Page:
Luigi Ambrosio

2019 Balzan Prize for Theory of Partial Differential Equations

Luigi Ambrosio is a remarkable mathematician whose astonishing capacity for synthesis has made it possible to create hitherto unimaginable bridges between partial differential equations and the calculus of variation. His influence on the analysis of very general spaces is exceptional.

Luigi Ambrosio is a remarkable mathematician renowned for his important contributions in the field of partial differential equations and of the calculus of variation.

Born in Italy in 1963, he is Director of the Scuola Normale Superiore in Pisa (since 2019) after having served as Professor there since 1998. He has also held professorships at the universities of Roma Tor Vergata, Benevento and Pavia. He has received a great many prestigious awards, including the Prize of the Italian Mathematical Union and the Fermat Prize. He has been invited to give plenary lectures at the International Congress of Mathematicians, as well as the European Congress. He is a Member of the Accademia dei Lincei.

Partial differential equations concern the dynamics of quantities that depend on several parameters, which are most often time and position. There are numerous examples: a vibrating string, a moving electromagnetic wave, the motion of a fluid, or more generally, any moving object.

The calculus of variation tries to describe curves or surfaces minimising a certain quantity. For example, which surface limited by a closed curve has a minimal area? These “minimal surfaces” are analogous to soap bubbles. What shape should one give to an airplane wing so as to minimize air resistance? One may also try to direct a large number of cars in a city in order to minimize traffic jams.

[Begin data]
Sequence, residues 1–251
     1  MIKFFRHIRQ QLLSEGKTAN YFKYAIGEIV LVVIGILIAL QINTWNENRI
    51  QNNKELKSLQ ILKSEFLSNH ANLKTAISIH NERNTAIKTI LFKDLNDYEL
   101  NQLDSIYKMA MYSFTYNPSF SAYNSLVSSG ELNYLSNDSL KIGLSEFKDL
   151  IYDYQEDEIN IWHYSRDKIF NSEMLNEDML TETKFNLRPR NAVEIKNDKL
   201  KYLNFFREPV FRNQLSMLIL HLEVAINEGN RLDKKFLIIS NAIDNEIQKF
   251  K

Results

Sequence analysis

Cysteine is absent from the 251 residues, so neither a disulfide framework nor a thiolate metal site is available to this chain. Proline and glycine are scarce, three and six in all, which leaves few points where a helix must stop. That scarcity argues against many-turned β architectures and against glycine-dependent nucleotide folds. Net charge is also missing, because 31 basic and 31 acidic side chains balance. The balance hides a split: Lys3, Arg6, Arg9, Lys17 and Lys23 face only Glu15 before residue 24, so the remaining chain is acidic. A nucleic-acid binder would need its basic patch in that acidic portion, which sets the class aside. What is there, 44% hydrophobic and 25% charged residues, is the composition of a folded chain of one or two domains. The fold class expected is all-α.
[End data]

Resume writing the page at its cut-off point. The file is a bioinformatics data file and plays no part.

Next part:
Luigi Ambrosio’s astonishing capacity for synthesis has allowed him to create hitherto unimaginable bridges between these two important fields of mathematics. For example, his discoveries concern transport equations and conservation laws, optimal transport, evolution equations in geometry, and analysis in metric spaces. Historically, mathematicians looked for smooth solutions with no regularities, but unfortunately this does not correspond to physical reality. Over the past few decades, in particular thanks to Ambrosio, new methods have made it possible to find non-smooth solutions. This has led to the fundamental renewal of the venerable field of infinitesimal calculus.

Luigi Ambrosio has introduced functional mathematical spaces, enabling him to make analyses under very weak conditions of regularity. For example, he has extended the theory of currents (which goes back to the 1960s) to show the existence of minimal surfaces beyond Euclidean space to any geometry whatsoever, something that had not previously been shown. This result was quite a surprise to the community of scholars in the field of geometric measure theory.

Other important advances include his work on the mathematical curvature of metric measure spaces as well as on gradient flows in these spaces, which are a priori not very regular.

The problem of optimal transport, which goes back to Gaspard Monge in 1781, consists in moving one distribution of masses towards another in the most efficient way. This problem has had a long and complex history, but thanks to Luigi Ambrosio’s contribution, some of the bases for definitive proof of the existence of solutions have been established, precisely in the situation described by Monge.

Luigi Ambrosio is not only known for his mathematical discoveries. He is an exceptional teacher who has founded a school of thought and who has trained a great number of students who today make up a community of mathematicians working in prestigious universities throughout the world.

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